“I can understand why you would do it for severe burns or trauma but I have no idea what the cosmetic industry will do with it,” he added.

3D-printed livers

The Wake Forest Institute for Regenerative Medicine has pioneered the field of laboratory-grown and printed organs.

It prints human cells in hydrogel-based scaffolds. The lab-engineered organs are placed on a 2in (5cm) chip and linked together with a blood substitute which keeps the cells alive.

Organovo uses a slightly different method, which allows for the direct assembly of 3D tissues without the need for a scaffold.

It is one of the first companies to offer commercially available 3D-printed human organs.

Last year, it announced that its 3D-printed liver tissue was commercially available, although some experts were cautious about what it had achieved.

“It was unclear how liver-like the liver structures were,” said Alan Faulkner-Jones, a bioengineering research scientist at Heriot Watt university.

Printing skin could be a different proposition, he thinks.

“Skin is quite easy to print because it is a layered structure,” he told the BBC.

“The advantages for the cosmetics industry would be that it doesn’t have to test products on animals and will get a better response from human skin.”

But printed skin has more value in a medical scenario, he thinks.

“It would be a great thing to have stores of spare skins for burn victims.”

References:

bbc.com

http://www.bbc.com/news/technology-32795169

3D printing revolutionizing burn treatment!

3D Printing may replace skin grafting for burn victims in the future! Check out how by following the link below 🙂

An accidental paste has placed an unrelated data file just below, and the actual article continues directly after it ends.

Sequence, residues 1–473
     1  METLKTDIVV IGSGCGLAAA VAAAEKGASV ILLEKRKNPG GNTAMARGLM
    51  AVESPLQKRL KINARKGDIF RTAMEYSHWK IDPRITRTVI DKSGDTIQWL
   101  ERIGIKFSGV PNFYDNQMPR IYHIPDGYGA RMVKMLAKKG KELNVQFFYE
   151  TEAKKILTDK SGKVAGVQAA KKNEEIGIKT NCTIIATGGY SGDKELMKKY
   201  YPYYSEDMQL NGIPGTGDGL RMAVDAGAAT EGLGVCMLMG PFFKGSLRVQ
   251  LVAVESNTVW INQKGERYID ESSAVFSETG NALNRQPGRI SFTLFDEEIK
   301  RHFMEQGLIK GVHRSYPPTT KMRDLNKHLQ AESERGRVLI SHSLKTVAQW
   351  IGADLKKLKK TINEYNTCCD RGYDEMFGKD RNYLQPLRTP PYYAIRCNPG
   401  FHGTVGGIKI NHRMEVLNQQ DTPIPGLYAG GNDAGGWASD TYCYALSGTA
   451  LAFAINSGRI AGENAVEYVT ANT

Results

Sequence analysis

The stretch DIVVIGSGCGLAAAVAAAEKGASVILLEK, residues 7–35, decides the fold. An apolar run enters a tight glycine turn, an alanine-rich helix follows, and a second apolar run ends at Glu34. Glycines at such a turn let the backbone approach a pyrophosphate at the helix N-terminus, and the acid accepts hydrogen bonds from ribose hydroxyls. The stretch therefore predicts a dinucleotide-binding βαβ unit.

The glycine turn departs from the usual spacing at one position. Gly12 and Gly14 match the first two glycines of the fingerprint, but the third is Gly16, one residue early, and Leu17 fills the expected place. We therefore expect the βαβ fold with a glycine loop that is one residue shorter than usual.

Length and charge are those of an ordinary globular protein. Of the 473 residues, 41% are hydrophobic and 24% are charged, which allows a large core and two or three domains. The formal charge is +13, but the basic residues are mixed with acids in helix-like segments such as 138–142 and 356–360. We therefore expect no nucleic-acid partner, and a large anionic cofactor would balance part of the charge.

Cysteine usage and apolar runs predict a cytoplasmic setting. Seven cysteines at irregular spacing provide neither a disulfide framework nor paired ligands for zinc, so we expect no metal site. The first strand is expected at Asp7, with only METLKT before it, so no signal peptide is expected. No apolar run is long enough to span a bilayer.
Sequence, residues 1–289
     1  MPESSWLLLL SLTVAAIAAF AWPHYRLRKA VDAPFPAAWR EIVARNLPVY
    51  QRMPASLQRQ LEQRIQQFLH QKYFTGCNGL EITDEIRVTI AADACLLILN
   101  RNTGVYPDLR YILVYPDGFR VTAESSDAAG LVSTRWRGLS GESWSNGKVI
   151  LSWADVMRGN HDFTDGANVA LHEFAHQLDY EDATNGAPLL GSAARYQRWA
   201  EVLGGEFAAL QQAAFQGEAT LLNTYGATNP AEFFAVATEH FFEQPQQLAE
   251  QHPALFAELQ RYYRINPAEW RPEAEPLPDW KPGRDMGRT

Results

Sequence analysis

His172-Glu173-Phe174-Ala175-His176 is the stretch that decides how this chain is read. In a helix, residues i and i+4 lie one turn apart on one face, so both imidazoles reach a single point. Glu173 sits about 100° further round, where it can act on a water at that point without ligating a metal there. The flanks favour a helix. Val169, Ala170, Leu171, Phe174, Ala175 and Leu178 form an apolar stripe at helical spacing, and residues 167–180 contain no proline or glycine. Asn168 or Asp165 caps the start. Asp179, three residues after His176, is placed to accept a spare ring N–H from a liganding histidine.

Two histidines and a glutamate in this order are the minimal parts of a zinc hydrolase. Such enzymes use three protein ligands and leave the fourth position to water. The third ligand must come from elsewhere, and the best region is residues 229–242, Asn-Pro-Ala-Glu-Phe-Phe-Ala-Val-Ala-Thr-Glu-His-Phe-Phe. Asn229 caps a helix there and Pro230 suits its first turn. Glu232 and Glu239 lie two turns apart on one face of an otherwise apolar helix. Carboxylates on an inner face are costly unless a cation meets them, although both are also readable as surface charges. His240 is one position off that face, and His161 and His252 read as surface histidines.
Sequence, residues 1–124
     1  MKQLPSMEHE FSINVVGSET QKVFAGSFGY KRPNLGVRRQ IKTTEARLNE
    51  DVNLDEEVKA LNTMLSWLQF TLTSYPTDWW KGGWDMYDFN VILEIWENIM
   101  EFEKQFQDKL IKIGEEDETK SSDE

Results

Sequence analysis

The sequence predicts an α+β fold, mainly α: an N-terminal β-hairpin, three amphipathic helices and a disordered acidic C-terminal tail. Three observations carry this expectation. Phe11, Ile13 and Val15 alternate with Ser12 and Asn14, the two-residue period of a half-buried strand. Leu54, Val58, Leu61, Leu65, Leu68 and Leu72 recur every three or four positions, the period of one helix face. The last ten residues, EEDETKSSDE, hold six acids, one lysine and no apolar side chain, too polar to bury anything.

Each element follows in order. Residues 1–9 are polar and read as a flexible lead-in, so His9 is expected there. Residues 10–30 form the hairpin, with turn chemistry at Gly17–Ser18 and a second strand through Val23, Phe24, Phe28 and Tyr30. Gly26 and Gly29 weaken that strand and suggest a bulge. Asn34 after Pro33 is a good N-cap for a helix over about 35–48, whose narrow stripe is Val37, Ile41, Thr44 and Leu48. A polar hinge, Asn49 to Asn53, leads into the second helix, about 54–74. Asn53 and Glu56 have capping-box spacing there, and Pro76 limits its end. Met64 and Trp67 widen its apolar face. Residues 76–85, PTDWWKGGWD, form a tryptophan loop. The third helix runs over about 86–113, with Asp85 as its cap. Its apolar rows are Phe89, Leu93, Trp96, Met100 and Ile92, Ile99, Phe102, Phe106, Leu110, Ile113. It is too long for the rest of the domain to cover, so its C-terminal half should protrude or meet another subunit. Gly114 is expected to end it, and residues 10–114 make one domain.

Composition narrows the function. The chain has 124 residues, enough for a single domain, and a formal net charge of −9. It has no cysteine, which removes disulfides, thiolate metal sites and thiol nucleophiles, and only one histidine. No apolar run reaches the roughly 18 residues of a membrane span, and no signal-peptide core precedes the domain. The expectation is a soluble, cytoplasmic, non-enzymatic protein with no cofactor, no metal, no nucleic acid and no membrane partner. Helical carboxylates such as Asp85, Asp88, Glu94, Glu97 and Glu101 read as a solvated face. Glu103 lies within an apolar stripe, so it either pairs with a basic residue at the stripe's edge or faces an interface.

http://www.cbsnews.com/…/how-3d-printing-could-revolutioni…/

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TORONTO – Dr. Marc Jeschke, the head of one of Canada’s largest burn treatment centers, had to admit the 3D skin printer in his hands didn’t look revolutionary.

“I actually find it kind of fish-tanky,” he told CBS News, laughing. But this boxy prototype could change the way burns are treated, from current skin grafting methods Jeschke calls “barbaric” to a process his team believes will be faster, cheaper and easier on the patient, with an end result — functional human skin — promising to be just like the real thing.

“It’s cutting edge,” said Jeschke, the director ofRoss Tilley Burn Centre at Sunnybrook Health Sciences Centre in Toronto, whose team developed the process and printer in collaboration with researchers from the University of Toronto. “We can mimic how your skin looks. And that’s the evolvement, that’s something new, that’s something novel.”

To begin the process of creating new human skinon the printer, Jeschke explained that healthy skin cells are first harvested from the burn patient, then analyzed and multiplied in the lab.

“We grow these cells in various containers and make them exactly into the cell type that we want,” said Jeschke. Then, “the printer tells the cells where to go.”

It does so via a cartridge, which weaves the cells together with a gel-like matrix serving as the skin’s 3D scaffolding. The cellular tapestry that emerges from the cartridge floats through the printer’s reservoir and gathers around a rotating drum. The strips are then collected and cultured.